500 Days of Summer - A Soul-Wrenching Masterpiece
Updated: Jun 3
I remember the first time I ever watched 500 Days of Summer: it felt serendipitous and it totally wrecked me.
I was in the 8th grade. Up to that point, I had never encountered anything that so plainly yet poignantly demonstrated something as complex as what occurs here.
It was one I was all too familiar with too.
You mix that with the raging level of hormones and it not being long after the death of my mother, and this movie was pretty much always destined to level me exactly where my skinny white ass stood... and it did.
To love is to wear rose-tinted glasses. To love is to sometimes believe whole-heartedly in an impossible truth but to do so shamelessly.
At some point during the film, Tom and Summer cease to be Tom and Summer. They transcend the characters both these simply lovely actors play and become archetypes. For viewers, they instead become a me and a you.
The truly wild thing about this movie is the coyly complex way it unfolds. There are so many different camps regarding this movie; often, the question at hand is reduced to a simple one... who is at fault? Who is the villain?
Some blame Summer and generally pity Tom. They accuse of her leading him on or possibly of being unclear with her intentions. Some would even go as far as to accuse of her gaslighting or emotional manipulation.
I don't think that's true. I revere Summer in the same way I revere the utterly beautiful Zooey Deschanel.
I think she's truly good down to her core.
Who can blame Tom for falling in love with her? Not us. And in my opinion we can't blame Summer either.
This is a sentiment widely shared by both Joseph Gorden-Levitt and Zooey Deschanel as well. JGL even goes as far as to call Tom the villain. But, I don’t necessarily find this to be true either.
Tom is certainly many things. One of those things, at times, may be bordering delusional. But he is hopelessly in love, as is theatrically demonstrated by the scene below.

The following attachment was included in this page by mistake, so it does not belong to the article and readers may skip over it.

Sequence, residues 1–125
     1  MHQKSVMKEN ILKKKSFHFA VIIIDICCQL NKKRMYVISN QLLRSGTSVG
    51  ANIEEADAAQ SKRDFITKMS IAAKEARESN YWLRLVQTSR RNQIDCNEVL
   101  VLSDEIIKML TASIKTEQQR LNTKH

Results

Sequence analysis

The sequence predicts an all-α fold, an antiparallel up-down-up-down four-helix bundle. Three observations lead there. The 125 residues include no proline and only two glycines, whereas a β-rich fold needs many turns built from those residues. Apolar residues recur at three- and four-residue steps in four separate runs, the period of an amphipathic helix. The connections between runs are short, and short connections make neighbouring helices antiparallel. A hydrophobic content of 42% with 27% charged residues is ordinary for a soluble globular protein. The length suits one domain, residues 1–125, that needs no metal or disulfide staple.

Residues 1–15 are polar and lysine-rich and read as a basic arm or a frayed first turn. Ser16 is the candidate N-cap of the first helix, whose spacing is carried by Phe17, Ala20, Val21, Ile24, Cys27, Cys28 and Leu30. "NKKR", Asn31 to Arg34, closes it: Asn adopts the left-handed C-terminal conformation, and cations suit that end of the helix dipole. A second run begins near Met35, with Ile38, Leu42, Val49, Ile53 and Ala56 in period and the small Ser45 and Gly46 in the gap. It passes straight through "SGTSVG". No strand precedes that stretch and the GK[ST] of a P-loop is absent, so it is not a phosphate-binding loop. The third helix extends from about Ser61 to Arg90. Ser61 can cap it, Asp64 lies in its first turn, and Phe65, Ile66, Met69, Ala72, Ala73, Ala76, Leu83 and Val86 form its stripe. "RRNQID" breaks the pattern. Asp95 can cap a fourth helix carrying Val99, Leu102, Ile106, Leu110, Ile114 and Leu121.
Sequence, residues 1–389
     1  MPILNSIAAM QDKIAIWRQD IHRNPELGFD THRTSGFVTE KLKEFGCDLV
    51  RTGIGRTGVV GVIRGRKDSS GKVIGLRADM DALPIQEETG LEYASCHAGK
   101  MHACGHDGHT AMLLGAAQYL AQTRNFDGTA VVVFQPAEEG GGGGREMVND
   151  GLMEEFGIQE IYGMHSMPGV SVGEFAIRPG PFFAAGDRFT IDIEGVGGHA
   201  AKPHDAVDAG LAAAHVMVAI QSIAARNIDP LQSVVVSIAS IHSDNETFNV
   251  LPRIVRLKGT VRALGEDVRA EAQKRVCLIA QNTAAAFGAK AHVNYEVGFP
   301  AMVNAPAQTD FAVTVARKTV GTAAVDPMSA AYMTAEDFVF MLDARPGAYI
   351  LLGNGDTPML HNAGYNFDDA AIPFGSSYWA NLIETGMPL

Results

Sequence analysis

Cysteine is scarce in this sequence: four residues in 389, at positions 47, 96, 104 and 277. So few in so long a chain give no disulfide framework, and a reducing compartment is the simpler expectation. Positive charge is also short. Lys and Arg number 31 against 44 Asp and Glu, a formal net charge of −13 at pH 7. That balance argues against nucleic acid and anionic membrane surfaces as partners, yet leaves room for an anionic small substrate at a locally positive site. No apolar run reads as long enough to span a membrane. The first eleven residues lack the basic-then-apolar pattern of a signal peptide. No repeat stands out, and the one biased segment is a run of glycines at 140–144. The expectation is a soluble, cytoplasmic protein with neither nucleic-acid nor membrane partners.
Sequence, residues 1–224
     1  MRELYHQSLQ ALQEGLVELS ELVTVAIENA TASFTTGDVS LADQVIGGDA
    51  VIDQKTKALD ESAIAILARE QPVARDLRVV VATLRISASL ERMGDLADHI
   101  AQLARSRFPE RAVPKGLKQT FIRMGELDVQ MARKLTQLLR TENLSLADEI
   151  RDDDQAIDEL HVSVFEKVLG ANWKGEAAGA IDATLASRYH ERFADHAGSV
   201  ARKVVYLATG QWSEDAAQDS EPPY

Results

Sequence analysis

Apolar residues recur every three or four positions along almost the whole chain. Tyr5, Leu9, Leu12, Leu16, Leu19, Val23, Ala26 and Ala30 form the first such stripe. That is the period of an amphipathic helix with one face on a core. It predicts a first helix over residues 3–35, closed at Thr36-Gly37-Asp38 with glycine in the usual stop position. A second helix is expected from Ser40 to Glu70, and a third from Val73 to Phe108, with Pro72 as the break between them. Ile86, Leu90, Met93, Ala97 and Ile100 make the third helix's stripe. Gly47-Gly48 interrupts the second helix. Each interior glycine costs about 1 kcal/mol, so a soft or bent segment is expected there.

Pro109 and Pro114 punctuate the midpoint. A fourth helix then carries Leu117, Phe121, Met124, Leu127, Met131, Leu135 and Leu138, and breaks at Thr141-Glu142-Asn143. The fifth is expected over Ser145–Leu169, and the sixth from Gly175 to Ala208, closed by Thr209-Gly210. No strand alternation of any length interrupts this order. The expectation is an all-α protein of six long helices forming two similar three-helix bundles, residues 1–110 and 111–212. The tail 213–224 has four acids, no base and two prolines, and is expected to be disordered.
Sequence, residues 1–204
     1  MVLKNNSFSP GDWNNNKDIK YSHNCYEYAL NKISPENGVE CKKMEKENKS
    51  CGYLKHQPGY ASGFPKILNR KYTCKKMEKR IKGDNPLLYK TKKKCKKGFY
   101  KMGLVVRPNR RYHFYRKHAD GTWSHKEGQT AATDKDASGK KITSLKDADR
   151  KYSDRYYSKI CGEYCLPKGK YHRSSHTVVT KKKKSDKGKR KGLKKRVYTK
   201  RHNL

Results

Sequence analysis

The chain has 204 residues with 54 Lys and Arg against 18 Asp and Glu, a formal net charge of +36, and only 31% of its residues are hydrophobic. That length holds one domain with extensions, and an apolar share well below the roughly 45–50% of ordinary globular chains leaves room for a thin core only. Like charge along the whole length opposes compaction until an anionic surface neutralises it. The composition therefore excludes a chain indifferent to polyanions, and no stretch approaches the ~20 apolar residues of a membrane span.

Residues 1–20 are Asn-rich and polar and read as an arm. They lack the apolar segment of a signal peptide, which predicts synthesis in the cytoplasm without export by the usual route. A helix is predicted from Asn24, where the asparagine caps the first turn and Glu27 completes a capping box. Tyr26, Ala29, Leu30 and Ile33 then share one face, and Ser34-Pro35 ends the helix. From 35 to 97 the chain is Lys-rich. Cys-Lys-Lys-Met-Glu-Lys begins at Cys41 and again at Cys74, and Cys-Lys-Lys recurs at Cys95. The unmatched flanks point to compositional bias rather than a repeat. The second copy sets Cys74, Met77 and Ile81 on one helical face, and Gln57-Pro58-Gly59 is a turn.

If love isn’t a spontaneous, choreographed dance to a Hall and Oates banger right in the heart of Central Park, I’m not sure what is.
I mean honestly! How viscerally real is that specific feeling shown above? It's one of the must human. It's pure, unadulterated joy. It's what the hopeless romantics call love.
I feel like this scene could elicit some seriously different reactions based on the viewer's current relationship with love: for the heartbroken, it would come across as a sickening reminder of a dream once believed but now deferred.
For those in love, though, it's like looking in a mirror and seeing yourself in that perfect, retail-dressing room lighting. You may see yourself in Tom because you too are in love (or so you think).
It's wonderful to think it if only for a moment, isn't it? It's a beautiful thing to be a Tom in Summer-time. It's a beautiful thing to be in love.
There's a lesson to be learned here, I think. It is one involving shrugging off fear and doubt and allowing yourself to be happy when the opportunity presents itself.
For some, myself included, love is great but it's also nerve-racking. The first people you love are your parents, and when you lose one as young as I did, you become familiar with the darker side much earlier than any child should.
Maybe it wasn't the death of someone close: maybe it was childhood heartbreak that pulled the curtain on the truly dualistic emotional nature of love. When you are young in love, you love like Tom does above. You love like there's always Hall & Oates playing from some invisible boombox of God's.
You dance and you sing and you fuck and everything is beautiful... until it is almost always not. Young love is many things, and just like for Tom and Summer, it is almost always also doomed.
Your heart breaks and it burns. For many, this is their first experience with the true depth of sadness, grief, and pain.